The Exhibition Formerly Known as Passengers: 2.10 Claire Fontaine

June 02, 2009 to July 02, 2009

French artist Claire Fontaine's practice responds to a feeling of political impotency in contemporary culture and is motivated by the history of radical protest, particularly the Paris student uprisings of May 1968. However, Fontaine's work does not only directly relate to the politics of the late 1960s, she also consciously references artwork from the same period. Situating her practice in this way functions less as nostalgia for a specific historical moment, and more as a reminder of a time when art carried an urgent political message. Equivalent VIII (2007) is composed of bricks wrapped in book covers from texts of radical literature. Referencing the bricks thrown by the 1968 Paris protesters, these texts are symbolically and literally turned into a device of dissent. An homage to Carl Andre's Equivalent VIII (1966), this work also merges political activism with a formal minimalist statement. Fontaine is similarly influenced by the social anarchist idea that ownership is theft. Passe-partout (Frankfurt) (2008) is a set of hacksaw blades, paper clips, and other necessary tools for opening locked doors, while the video Instructions for the Sharing of Private Property (2006) demonstrates how to pick a lock. Produced in several different languages, Foreigner's Everywhere (Arabic) (2005) is from a series of neon signs making the statement of its title. With its reference to issues of immigration and the anxiety surrounding foreign terrorist threats, the sign articulates a growing suspicion towards the unfamiliar.

by Jens Hoffmann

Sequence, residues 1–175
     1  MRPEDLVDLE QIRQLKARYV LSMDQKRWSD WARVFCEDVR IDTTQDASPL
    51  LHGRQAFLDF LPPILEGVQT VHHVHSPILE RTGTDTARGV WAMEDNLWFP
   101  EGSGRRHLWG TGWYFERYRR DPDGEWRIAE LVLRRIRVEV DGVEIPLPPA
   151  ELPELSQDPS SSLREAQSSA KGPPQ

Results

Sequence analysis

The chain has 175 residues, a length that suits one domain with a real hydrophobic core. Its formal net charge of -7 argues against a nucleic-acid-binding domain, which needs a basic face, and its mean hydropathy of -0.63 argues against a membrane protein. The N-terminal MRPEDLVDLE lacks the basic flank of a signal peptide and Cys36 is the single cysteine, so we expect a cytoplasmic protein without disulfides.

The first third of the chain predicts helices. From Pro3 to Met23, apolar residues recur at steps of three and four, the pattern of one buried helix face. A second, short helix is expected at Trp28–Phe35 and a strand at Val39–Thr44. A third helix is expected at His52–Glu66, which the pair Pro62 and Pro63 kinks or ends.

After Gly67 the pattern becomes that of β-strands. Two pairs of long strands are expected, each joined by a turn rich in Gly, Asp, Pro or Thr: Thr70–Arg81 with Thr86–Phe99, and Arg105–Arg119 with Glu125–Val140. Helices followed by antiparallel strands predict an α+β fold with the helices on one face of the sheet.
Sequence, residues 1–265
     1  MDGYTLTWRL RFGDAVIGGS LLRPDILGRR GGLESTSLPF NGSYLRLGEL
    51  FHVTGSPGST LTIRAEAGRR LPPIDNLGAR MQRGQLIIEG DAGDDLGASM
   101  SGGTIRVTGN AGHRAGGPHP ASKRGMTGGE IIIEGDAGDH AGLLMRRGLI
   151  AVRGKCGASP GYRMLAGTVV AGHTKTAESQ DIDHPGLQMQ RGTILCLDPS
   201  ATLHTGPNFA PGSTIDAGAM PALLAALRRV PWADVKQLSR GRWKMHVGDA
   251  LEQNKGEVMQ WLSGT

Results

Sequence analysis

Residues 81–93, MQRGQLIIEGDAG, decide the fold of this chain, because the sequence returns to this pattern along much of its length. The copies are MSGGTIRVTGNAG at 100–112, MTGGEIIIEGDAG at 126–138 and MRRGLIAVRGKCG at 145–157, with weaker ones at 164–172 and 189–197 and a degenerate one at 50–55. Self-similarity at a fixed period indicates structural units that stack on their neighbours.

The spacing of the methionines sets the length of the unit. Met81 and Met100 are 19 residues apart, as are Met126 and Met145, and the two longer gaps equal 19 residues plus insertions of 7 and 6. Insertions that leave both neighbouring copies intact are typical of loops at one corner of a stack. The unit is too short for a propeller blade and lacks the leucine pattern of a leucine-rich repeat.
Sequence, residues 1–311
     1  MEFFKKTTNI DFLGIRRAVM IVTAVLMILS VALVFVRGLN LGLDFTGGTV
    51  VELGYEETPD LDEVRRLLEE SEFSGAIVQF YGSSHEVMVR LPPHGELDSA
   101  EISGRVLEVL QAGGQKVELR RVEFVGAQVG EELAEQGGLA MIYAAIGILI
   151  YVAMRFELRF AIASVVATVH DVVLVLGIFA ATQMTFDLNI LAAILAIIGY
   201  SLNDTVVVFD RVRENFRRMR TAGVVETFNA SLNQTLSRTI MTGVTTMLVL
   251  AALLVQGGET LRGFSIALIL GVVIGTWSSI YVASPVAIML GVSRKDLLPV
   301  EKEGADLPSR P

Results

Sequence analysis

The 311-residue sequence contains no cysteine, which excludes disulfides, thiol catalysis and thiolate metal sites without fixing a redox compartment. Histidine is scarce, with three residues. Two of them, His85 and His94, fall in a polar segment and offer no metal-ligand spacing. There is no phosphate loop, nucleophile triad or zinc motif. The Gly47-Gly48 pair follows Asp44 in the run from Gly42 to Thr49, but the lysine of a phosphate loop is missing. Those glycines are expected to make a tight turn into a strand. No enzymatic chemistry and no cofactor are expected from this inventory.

Claire Fontaine is a ready-made artist. There is no actual person called Claire Fontaine that stands behind the works made and presented under this name. She was born out of wedlock by two parents called powerlessness and political impotency. Coming to life in Paris five years ago, she was raised and nurtured by two artists. Her true identity is unclear but her disposition has been described as high-strung and antiauthoritarian, deprived of any individual skills or originality. She observes the world around her with a special interest in culture, and the political realties of today's world. Philosophy is of importance to her too, as are the fine arts. While she acknowledges a feeling of often overwhelming loneliness, Claire is class-conscious and carries a revolutionary sprit. She has a soft spot for the protest movements of the late 1960s and the theories that nurtured the political activism of those days. Claire can seem romantic, perhaps even a little nostalgic at times. Yet, she is not naively dreaming about the ideas that were put forward four decades ago, by the bricks that were thrown, the speeches that were given, the books that were written or the art that was made, which momentarily seemed to offer a solution to the rotten values of society. She has her feet on the ground and it is unmistakably clear that her work asserts a pragmatic and profound engagement with critical political thinking and action. Claire's life is a remix; a constructed identity of appropriated elements that are collected only to be redistributed. She identifies with thieves and bandits. She likes Bert Brecht, especially his ideas of collective artistic creation, and frequently quotes Walter Benjamin, who had an enormous impact on her when he remarked that information is always accompanied by barbarism. Claire also has a humorous side, she loves all kinds of neon signs, especially those that spell out radical slogans. One neon sign that she presented reads "Pay Attention Motherfucker," and is for a society on constant alert, filled with fear of an imminent alien invasion. Claire is a prolific writer and her letters offer us essential insight into her character. In an early letter to R., written during the riots in the Parisian suburbs 'where all buildings are rectangular,' Claire expresses her repulsion and sadness in light of society's persistent tendency to remain cold and detached despite the obvious tyranny, exploitation and repression inflicted on all of us by those in power. She has the soul of an anarchist. Her best friend is Herman Melville's Bartleby. She and Bartleby are uniquely connected. On strike most of the time, they refuse to perform their so-called duties. They are united in the realization that to halt production is the only form of resistance in a world robbed of any meaningful form of political discourse. Her name, Claire Fontaine, is the source for much speculation. Some say she was named after the famous French notebook company or the well-known children song À la Claire Fontaine, others propose that she was simply given the most generic French name possible, still others claim that her name is a play on the title of Marcel Duchamp's famous readymade Fountain (1917) signed by R. Mutt. It may be that he is the same R. to whom Claire has addressed several of her letters.